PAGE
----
• Memorable Quotes: “If what you do doesn’t matter to you, it’s really not going to matter to anyone else,’ Work to fill your life with things that matter” (p. 35).  “Relationships are the currency that matters, not the conditions of our homes” (p. 48).  “..sometimes we have to let go of self-imposed have-to’s and settle for good enough. Just because you’re passionate doesn’t mean you have to do it” (p. 205). “If you don’t take proper time to rest, you’ll pay the price in one way or another” (p. 237).
  • Biggest Takeaway:  I really appreciated how Turner challenged her readers to “turn moments of comparison into catalysts for celebration.”  In addition, I tracked my time as she suggested and realized that I do have significant “pockets of time” available that I need to vigilantly reclaim back for my passions, rather than squandering them away while trolling Facebook.

Chasing God

  • The Rundown: Angie Smith encourages her readers to simply enjoy spending time with a God of grace, rather than checking off legalistic spiritual “to do’s” as we chase down our skewed view of a God of rules and regulations.
  • Memorable Quotes: “Religion is what we build with our own hands when we can’t stand to feel like observers.  And when it crumbles, we blame God.  We have determined the man-made ceiling to be our own instead of the heavens themselves, and we have allowed our insatiable hunger for understanding to strangle the mystery we’re supposed to embrace” (p. 4).  “The truth is that our journey with God isn’t really about living, and He never claimed it would be.  It is, and has always been, a gradual death to everything we love outside of Him (p. 12).  “He asks us to have the kind of faith that wakes in the morning not knowing how He will provide, but believing that He will, based on what we know of His character” (p. 118).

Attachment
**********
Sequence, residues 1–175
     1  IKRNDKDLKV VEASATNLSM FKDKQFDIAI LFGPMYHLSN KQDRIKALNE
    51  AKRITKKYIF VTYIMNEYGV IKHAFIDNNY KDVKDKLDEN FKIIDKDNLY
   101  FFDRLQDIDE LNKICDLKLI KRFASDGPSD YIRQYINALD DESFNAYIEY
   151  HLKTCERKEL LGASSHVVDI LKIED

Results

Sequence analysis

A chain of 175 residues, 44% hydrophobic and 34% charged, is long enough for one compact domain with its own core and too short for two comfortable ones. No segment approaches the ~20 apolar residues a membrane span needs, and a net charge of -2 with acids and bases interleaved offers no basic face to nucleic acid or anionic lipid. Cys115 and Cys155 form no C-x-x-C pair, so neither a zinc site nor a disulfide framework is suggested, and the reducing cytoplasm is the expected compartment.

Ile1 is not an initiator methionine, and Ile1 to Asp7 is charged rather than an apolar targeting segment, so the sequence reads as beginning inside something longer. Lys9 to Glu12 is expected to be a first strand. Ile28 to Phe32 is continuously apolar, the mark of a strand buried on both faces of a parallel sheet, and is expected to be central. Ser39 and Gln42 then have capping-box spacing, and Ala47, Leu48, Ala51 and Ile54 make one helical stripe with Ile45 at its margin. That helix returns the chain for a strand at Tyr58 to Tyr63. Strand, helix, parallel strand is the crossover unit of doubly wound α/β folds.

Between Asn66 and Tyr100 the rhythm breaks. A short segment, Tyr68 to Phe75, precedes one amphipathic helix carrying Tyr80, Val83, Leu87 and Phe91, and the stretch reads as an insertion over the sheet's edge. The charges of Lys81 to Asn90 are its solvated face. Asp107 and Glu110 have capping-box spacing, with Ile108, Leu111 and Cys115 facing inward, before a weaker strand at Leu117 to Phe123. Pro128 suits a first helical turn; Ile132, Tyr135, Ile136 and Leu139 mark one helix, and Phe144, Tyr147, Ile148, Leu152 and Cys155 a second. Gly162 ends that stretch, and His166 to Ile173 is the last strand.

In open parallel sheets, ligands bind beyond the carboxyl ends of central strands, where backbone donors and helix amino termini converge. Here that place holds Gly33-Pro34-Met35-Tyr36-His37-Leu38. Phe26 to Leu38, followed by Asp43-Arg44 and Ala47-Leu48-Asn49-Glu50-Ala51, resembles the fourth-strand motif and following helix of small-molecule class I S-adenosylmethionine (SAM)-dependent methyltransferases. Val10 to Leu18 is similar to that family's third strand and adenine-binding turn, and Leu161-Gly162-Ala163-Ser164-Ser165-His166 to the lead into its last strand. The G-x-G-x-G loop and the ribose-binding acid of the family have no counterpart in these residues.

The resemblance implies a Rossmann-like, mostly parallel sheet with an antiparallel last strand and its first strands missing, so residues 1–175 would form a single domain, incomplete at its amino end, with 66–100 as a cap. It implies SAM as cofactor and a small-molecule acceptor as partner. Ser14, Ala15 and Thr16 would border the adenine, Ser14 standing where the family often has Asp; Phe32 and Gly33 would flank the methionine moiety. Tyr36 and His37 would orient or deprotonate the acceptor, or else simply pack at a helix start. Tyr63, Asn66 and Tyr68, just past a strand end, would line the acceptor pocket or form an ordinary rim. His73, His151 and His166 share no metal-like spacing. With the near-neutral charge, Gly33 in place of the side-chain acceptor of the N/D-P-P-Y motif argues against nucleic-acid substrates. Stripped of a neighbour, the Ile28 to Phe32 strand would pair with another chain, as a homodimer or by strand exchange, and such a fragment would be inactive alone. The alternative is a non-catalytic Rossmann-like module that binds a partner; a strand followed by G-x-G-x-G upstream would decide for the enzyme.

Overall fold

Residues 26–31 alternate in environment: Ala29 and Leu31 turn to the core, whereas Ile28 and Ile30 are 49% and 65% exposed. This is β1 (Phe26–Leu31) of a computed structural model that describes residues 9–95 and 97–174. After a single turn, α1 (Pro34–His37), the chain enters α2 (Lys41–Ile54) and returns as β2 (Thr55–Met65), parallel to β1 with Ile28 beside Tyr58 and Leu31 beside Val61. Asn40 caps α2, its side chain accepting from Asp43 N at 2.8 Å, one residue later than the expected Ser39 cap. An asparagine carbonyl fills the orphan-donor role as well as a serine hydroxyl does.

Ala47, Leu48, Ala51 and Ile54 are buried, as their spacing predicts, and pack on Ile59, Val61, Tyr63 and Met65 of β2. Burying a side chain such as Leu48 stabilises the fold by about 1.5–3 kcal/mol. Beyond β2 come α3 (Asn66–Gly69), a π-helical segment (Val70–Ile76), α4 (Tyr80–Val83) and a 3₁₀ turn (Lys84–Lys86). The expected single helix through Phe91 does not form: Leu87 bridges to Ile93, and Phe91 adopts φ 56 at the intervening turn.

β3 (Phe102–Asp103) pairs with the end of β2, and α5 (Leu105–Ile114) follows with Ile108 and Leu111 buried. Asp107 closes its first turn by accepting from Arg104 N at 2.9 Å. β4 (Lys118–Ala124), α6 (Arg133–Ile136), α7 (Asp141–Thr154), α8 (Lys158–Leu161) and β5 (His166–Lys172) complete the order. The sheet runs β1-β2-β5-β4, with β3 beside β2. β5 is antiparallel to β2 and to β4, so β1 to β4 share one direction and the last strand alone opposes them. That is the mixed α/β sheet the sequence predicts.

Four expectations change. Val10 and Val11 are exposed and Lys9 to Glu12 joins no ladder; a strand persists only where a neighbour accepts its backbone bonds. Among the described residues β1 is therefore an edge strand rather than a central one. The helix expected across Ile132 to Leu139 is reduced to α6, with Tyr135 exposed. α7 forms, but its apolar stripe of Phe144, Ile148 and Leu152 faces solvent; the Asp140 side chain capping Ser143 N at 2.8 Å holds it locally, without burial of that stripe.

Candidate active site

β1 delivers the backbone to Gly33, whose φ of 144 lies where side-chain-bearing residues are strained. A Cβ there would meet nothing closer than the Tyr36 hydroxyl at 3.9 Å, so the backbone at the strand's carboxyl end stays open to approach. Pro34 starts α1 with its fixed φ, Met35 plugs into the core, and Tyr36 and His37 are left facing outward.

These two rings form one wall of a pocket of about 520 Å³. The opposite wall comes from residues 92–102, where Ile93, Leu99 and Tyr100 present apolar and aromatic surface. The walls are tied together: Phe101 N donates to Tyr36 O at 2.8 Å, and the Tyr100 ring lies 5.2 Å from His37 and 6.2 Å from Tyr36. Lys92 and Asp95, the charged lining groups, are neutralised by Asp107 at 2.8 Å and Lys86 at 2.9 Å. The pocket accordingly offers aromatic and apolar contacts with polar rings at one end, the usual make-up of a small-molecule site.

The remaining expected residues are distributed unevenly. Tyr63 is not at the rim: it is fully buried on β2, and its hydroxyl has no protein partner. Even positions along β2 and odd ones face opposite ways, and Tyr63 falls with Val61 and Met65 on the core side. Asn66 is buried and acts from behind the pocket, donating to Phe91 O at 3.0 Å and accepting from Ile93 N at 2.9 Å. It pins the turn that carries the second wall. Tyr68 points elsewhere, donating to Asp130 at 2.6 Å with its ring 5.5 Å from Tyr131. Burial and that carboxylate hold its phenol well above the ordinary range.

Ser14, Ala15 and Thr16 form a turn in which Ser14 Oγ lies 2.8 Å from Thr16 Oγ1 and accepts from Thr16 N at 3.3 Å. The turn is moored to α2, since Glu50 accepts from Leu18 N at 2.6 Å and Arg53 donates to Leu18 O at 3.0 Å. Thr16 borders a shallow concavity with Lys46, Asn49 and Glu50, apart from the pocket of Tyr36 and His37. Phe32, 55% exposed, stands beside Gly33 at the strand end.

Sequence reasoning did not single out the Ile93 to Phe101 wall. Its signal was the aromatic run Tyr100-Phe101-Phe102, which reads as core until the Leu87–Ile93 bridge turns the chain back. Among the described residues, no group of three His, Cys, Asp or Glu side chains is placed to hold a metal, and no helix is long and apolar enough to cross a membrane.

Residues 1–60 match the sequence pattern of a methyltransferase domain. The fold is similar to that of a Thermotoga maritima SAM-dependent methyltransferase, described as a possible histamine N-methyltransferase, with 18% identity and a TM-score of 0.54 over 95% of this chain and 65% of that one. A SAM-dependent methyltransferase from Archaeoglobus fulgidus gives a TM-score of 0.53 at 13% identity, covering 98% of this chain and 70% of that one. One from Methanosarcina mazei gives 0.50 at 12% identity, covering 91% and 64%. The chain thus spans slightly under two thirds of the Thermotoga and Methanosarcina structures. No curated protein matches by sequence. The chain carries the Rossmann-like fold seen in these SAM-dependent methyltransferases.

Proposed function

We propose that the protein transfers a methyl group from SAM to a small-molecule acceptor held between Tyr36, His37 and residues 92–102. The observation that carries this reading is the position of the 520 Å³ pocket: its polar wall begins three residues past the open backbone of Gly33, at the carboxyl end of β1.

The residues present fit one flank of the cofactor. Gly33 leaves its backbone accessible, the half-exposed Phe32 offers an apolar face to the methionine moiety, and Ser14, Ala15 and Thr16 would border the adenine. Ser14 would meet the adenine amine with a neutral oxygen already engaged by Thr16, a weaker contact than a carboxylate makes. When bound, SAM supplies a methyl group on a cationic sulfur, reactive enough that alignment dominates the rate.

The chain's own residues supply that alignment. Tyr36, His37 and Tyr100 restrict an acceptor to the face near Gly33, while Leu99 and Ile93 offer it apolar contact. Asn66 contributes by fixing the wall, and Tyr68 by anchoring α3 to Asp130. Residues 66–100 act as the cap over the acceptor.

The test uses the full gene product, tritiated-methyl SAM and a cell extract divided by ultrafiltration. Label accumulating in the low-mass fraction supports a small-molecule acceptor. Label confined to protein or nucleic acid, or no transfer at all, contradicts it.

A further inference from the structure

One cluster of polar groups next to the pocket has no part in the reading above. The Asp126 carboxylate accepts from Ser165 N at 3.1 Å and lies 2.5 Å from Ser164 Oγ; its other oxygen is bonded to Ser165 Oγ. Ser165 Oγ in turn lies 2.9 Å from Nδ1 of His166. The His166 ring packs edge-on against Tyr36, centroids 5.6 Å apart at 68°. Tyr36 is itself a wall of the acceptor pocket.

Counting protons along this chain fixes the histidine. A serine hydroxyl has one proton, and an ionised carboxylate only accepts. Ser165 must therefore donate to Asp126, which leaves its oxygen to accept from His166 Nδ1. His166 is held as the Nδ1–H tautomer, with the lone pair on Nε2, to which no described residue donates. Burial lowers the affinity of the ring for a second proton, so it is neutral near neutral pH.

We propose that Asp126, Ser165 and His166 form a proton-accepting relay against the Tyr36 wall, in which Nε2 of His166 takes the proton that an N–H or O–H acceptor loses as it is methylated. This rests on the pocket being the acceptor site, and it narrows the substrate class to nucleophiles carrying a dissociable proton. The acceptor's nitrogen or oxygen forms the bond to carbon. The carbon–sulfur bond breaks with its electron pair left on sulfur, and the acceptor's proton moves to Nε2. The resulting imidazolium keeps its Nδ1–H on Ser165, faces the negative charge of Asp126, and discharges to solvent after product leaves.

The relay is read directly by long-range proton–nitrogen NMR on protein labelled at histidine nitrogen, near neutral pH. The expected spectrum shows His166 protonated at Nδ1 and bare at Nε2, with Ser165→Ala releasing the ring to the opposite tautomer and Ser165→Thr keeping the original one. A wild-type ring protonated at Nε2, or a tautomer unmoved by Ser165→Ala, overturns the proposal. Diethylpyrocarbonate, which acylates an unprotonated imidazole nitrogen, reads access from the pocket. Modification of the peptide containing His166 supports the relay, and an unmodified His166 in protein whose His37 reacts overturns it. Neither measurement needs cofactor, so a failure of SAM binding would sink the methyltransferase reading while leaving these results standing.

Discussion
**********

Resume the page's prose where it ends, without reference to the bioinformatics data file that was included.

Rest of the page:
• Biggest Takeaway:  Smith unwraps religiosity and shines a light on true intimacy with Christ.  Her book makes you examine your own life to see where Pharisaical tendencies have seeped into your thinking and way of viewing God.

Love Idol: Letting God of Your Need for Approval and Seeing Yourself through God’s Eyes

  • The Rundown: Jennifer Dukes Lee confesses that for years she craved acceptance and approval.  She spurs on her readers to lay down the “love idol” and accept God’s unconditional love.  We are “pre-approved” by our Father.
  • Memorable Quotes: “Eyes cannot look in two different directions.  I want mine on Jesus–not on yesterday’s failures or successes, not on today’s agenda, and definitely not on the world’s scorecard.  Eyes. On. Jesus” (p. 112).  “When we uproot idols, we make room for God.  We discover a love that is already ours” (p. 129). What if we became less interested in wowing others and more focus on being wowed by God?” (p. 168).
  • Biggest Takeaway:  This beautifully written book affirmed my spirit and reminded that God pursues me with the reckless abandon of a lover.  I am completely loved.  I am fully accepted.  I am His.

The Antelope in the Living Room: The Real Story of Two People Sharing One Life

  • The Rundown: Melanie Shankle shares how marriage is a mystery and a magical gift from God.   With humor and a big dose of fun, she pulls back the curtain and lets us see how God puts two completely different people together to create beauty and joy.